Besides climbers, Kapadia has also spoken to mountaineering columnists such as author Bernadette McDonald, H Adams Carter and Lindsay Griffin, who served as editors of the American Alpine Journal, and Jagdish C Nanavati, former president of the Himalayan Club. Then there are conversations with former presidents of the Indian Mountaineering Foundation (IMF) such as MS Gill and Col Ashok Abbey.

Indian mountaineer Harish Kapadia plants his flags in the digital realm with interviews with climbing legends and explorers

Former President of Himalayan Club Jagdish C Nanavati.

“Gill was a very humble man. I remember he told me that the only thing he knew about rock climbing when he took over the IMF was the fact that he didn’t know much about rock climbing. His first mission was therefore to take on two deputies who knew the subject well, ”he says.

Then, during a visit to Geneva, Kapadia was able to spend many hours recording with Aamir Ali, a cousin of renowned ornithologist, Salim Ali, and former schoolteacher at the Doon School, who later worked with the International Labor Organization (ILO). While he did quite a bit of climbing and ski touring in the Alps, many of his early adventures were in the great mountains of India.

“During a trip to eastern Karakoram in Ladakh with Gurdial Singh in 1979, they spotted a lama on the road and offered to ride him in their car. They expected him to be a quiet monk and reserved, but this man talked nonstop for the next six hours. Aamir Ali remembered him as the monk who obviously hadn’t taken a vow of silence,” Kapadia laughs.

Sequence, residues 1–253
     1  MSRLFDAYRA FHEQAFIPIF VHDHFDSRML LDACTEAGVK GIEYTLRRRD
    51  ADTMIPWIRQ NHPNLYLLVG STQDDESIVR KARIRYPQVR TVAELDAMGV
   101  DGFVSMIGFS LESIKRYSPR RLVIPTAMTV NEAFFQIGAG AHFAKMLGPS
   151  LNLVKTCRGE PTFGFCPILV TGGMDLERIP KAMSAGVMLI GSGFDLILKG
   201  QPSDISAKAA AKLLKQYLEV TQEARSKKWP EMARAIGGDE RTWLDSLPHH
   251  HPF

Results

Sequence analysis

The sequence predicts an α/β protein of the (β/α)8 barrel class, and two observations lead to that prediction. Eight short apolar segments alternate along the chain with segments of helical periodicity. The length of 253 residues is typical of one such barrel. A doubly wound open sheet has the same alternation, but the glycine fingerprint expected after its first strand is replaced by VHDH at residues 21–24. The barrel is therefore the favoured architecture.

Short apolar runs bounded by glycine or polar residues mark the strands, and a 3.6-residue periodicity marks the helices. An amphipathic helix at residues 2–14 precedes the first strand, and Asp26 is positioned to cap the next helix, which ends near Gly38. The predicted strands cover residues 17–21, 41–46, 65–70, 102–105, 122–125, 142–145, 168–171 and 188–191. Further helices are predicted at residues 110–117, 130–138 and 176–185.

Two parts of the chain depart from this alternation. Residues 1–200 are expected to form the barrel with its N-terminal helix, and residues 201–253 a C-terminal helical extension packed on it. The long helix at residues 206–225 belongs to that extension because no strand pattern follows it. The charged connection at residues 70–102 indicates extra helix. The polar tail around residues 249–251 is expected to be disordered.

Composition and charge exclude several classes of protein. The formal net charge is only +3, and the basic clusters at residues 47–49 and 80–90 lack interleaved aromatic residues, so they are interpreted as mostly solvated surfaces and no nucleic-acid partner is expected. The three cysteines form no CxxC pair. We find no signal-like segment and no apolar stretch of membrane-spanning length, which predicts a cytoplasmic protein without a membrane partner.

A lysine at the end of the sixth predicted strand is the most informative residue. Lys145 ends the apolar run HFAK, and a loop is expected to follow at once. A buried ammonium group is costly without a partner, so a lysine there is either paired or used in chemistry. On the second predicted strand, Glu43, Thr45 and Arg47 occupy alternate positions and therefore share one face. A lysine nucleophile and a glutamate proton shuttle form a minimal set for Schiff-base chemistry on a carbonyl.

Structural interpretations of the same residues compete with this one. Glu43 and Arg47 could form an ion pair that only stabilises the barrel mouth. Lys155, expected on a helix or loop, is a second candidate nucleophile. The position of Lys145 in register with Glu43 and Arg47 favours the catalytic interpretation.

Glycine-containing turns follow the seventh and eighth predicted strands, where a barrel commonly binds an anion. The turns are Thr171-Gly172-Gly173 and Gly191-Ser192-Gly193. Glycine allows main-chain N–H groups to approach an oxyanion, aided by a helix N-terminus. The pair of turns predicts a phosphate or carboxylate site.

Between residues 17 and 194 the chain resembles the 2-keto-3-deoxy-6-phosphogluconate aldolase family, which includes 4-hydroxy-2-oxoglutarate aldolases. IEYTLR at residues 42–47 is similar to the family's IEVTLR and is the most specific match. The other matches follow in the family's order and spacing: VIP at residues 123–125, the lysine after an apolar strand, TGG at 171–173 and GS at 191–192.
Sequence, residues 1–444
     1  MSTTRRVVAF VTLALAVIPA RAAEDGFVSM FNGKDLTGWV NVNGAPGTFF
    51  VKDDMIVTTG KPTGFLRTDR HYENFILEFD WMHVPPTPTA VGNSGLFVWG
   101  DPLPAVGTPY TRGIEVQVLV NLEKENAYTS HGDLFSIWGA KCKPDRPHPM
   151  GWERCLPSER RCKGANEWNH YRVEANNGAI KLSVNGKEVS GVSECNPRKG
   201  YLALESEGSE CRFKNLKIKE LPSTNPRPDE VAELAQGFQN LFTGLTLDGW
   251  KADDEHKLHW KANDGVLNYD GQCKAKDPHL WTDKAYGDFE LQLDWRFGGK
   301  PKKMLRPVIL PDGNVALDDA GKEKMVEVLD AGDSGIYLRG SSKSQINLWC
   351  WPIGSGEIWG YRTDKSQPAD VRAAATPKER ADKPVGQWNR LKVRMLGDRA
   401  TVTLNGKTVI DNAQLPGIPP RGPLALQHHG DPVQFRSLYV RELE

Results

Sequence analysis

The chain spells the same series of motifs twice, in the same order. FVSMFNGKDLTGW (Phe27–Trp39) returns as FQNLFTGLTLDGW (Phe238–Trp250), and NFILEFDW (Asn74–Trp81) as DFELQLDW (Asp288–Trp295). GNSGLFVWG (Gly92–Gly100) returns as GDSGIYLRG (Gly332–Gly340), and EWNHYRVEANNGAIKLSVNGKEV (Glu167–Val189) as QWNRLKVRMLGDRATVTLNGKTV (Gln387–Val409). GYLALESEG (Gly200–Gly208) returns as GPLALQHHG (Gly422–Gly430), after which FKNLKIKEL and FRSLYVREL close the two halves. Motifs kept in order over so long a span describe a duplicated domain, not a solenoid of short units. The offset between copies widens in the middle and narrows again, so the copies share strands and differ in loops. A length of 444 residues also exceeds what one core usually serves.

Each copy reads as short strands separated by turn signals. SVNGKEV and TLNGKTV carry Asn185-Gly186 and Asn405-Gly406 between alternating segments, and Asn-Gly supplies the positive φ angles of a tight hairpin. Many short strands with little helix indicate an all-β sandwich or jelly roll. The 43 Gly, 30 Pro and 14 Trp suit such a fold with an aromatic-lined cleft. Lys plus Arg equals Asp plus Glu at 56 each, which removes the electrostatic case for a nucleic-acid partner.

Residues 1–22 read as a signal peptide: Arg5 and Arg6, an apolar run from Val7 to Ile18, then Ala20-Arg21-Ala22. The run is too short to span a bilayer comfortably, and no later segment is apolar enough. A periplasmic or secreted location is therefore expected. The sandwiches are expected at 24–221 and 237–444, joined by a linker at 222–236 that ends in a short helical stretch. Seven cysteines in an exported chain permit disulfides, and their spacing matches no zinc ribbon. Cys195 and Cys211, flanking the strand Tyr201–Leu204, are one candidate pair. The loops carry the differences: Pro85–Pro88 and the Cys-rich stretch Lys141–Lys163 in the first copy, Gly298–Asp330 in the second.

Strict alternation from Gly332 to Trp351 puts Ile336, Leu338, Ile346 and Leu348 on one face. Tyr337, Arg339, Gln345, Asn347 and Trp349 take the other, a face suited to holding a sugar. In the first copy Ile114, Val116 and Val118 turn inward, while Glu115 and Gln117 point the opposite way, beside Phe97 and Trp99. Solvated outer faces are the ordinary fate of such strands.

Next, Ali talks about life at the ILO and his proposal to establish the Siachen Peace Park to end hostilities between India and Pakistan on the world’s highest battleground.

“I still remember a few lines from that interview. He said, why don’t we have peace, just because we don’t kneel at the same altar? Why shouldn’t I be his friend, just because he doesn’t believe in my god,” Kapadia recalled.

Kapadia has also documented parts of his own journey – work he hopes to complete in the near future. It is full of accounts of his explorations in various mountain ranges across India, a valuable asset for any mountaineer in the future alongside the various books he has written so far. He also talks about his accident on Devtoli in 1974 which left him with a broken hip, far from civilisation. The heavy sedatives he was given to relieve the pain played tricks on him.

“I was carried by the locals for a certain distance. After that, it was an interminable wait for the helicopter to arrive, even though most of the team left on foot. When the stove was in use nearby or the tent was flapping in the wind, I looked up at the sky, thinking it was the helicopter coming. Finally, I was airlifted to a hospital in Bareilly and relieved of my misery,” Kapadia recalls.

He’s aware of the gold mine he’s sitting on, but isn’t sure what he’d like to do with it right now. But he hopes his documentation can help the history of mountaineering in times to come.

“The funny thing is when I hear these interviews today, my mind races to all these people I missed talking to,” he says.

And at the top of the list would certainly be the two gentlemen, Harrer and Odell, whom Kapadia was lucky enough to meet at the time.

The author is a freelance writer from Mumbai who thrives on telling a good story. The opinions expressed are personal.